A star rating of 4 out of 5.

The rise of teen-sensation Olivia Rodrigo is the subject of new Disney Plus documentary driving home 2 u (a SOUR film), which is now out on the streamer.


Throughout the 75-minute film, we follow Rodrigo recount the making of her blockbuster hit album SOUR.

Travelling across America on the route Rodrigo would often take herself, viewers are offered the glorious scenery between (and including) Los Angeles, California and Salt Lake City, Utah. Visually, driving home 2 u is gorgeous, offering a modern Western-esque snapshot of the US – barren, deserted but ultimately something to admire and devour if you're a cool teenager in the 2020s.

However, travel documentary this isn't, as at the centre of it is Rodrigo's bestselling album, SOUR, which was released to critical acclaim on 21st May 2021. Rodrigo penned the album with producer Dan Nigro, making the creative duo behind drivers license among other hits.

The pop album with punk undertones mainly discusses heartache and the angst of growing up as a teenager with feelings, and for the first time in driving home 2 u, Rodrigo talks about the background to her at-times devastating lyrics.

Taking each track one-by-one, Rodrigo details key moments in her life that brought about her now-famous songs, offering tantalising insight into the life of the superstar.

Rodrigo offers new arrangements of her ear-worms, showcasing her talent as not just a songwriter, but as a performer. But it's the former that really shines in driving home 2 u, as Rodrigo effortlessly captures a feeling, a time, a moment, within a simple singalong sentence.

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It's apparent throughout the film how Rodrigo at times struggles with releasing her art to the world, describing some of her most famous tracks as painful for her. But what comes across more than anything is her dedication and love of her craft. She may only be 19, but her power is already immense.

Each song gets equal service (bar drivers license), with Rodrigo explaining the influence behind each track without giving too many details, but enough to appease her fans. Even if as simple as 'we wanted another fun song', the songwriter seems to have inspiration for everything, most likely the main reason behind her debut album's success in a world of manufactured pop.

Without doubt, one of the crowning successes of not just her career, but also of driving home 2 u, is the extra long segment saved for drivers license. It's unsurprising really when you consider the popularity of the song that propelled her into the household name she is today (number one on Spotify, Apple Music and Amazon Music's international charts within the first week of release).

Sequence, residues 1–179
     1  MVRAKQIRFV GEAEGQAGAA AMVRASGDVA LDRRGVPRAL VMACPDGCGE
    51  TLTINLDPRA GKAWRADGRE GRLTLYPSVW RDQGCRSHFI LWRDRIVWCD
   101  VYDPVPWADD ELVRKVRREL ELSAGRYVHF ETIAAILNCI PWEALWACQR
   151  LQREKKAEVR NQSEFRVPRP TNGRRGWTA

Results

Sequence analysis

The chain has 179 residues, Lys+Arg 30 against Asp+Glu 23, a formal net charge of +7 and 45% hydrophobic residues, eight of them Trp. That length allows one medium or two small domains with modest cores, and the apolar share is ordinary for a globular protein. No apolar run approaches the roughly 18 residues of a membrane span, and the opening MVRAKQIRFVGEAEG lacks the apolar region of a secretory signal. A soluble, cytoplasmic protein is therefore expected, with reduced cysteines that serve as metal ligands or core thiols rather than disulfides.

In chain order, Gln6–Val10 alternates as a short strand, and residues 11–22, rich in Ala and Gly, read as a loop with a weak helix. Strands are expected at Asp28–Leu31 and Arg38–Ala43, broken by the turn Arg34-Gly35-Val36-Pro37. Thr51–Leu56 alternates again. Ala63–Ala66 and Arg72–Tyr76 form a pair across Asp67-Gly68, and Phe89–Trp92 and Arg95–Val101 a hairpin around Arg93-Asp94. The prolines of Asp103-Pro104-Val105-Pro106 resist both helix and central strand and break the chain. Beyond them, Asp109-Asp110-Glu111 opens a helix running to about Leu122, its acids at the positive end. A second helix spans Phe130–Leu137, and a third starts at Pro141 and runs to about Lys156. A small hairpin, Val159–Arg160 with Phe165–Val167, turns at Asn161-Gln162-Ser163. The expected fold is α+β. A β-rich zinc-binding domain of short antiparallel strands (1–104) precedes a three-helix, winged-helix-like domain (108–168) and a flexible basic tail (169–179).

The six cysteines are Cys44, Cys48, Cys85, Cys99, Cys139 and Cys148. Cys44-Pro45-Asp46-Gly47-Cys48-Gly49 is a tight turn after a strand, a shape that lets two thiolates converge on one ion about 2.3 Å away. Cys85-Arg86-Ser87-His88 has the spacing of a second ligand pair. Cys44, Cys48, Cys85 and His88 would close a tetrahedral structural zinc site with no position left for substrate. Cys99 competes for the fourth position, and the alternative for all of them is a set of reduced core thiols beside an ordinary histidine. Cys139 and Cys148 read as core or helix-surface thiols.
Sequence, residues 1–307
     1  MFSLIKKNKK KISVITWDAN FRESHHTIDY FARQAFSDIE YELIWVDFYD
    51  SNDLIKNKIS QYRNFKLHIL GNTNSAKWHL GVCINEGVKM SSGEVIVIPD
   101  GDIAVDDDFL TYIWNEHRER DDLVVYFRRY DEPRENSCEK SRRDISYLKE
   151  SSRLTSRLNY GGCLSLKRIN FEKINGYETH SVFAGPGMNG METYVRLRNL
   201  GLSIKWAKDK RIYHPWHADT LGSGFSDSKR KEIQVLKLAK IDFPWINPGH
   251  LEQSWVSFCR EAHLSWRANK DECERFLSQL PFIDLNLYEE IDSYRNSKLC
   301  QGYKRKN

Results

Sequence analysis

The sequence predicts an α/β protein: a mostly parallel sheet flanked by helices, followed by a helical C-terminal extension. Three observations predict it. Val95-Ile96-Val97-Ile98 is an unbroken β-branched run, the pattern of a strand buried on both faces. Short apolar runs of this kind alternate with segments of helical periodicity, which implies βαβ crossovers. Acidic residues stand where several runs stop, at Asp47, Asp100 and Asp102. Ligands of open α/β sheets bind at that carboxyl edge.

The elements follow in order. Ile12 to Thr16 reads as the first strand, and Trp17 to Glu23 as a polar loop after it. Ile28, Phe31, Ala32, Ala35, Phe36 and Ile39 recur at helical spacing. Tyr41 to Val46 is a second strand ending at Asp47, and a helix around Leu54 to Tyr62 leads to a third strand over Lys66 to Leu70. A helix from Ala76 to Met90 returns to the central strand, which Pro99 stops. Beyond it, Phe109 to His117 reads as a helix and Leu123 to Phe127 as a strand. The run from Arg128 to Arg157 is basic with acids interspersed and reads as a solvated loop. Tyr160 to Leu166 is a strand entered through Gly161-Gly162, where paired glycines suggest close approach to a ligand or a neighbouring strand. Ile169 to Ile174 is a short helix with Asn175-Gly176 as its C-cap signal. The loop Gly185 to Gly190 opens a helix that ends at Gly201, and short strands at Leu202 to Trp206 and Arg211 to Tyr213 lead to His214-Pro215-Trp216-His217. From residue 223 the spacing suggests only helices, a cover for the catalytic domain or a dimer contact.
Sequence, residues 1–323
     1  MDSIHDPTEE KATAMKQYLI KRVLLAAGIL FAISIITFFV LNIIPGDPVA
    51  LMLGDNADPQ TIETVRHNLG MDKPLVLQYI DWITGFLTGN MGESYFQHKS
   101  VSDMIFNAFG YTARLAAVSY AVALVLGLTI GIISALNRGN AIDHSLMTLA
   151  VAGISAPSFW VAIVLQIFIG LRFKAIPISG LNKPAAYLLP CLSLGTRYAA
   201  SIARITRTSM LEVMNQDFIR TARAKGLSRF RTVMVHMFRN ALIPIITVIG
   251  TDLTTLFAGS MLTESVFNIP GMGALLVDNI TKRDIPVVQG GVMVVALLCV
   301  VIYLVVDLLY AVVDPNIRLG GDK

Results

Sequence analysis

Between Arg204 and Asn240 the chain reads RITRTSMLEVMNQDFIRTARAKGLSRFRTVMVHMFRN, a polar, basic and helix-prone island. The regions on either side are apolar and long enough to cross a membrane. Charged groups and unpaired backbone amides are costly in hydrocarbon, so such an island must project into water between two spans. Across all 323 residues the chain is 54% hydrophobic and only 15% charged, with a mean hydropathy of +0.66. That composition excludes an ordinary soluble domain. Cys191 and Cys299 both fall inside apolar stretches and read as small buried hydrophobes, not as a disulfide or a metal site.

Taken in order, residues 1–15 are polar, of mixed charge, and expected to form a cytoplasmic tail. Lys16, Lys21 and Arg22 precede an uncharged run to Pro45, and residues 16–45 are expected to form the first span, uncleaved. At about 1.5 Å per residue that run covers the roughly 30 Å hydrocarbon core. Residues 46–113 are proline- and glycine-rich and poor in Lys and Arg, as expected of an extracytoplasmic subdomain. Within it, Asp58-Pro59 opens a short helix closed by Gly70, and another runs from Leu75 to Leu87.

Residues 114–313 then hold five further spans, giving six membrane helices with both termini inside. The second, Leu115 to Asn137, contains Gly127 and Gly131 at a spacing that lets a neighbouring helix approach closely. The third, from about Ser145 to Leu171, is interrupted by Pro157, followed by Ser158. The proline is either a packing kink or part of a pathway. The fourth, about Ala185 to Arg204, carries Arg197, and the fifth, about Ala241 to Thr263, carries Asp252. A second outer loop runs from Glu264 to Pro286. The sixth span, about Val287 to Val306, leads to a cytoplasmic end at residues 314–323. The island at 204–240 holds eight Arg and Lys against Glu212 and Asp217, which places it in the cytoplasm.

Olivia Rodrigo
Olivia Rodrigo Disney+

Rodrigo starts from the beginning: a diary entry in which the singer explains how happy and excited she is to have finally got her drivers' license so she can now go to visit her boyfriend. From there, we see a simple demo from what seems like her bedroom with just the lyric, the singer and a delicate piano accompaniment.

After that, viewers see just how incredibly the song grew with the making of her first music video, single photoshoot, and first live performances on live TV, before eventually an iHeart Radio festival crowd screaming her lyrics back to her.

What's more illuminating than the origin story of drivers license is the vulnerability Rodrigo clearly still feels about the song. Throughout her narration, she constantly reminds viewers of the toll being a songwriter can take, constantly being reminded of heartache and heartbreak every performance.

Throughout driving home 2 u, Rodrigo's short narrative insights are open, honest, and will most likely please her die-hard fans. Perhaps at times those same fans will wish for more - it's tempting to demand even more from our idols once they've opened the door; this isn't as in-depth as recent films that made headlines for their exhaustive recollections (jeen-yuhs, Miss Americana), but this offers something different.

The strength of this Disney Plus doc is very much the performances, which take centre stage. Each one has a brand new arrangement, either over-emphasising the heartache or anger felt in each of Rodrigo's songs.

A particular highlight is good 4 u, which is set in a sprawling, desolate landscape. A circular platform is home to a string orchestra while Rodrigo, on her best form, dances around it. A camera track follows every movement. It's a stunning variation on the pop-punk track and really serves as a beautiful ending to this compelling film.

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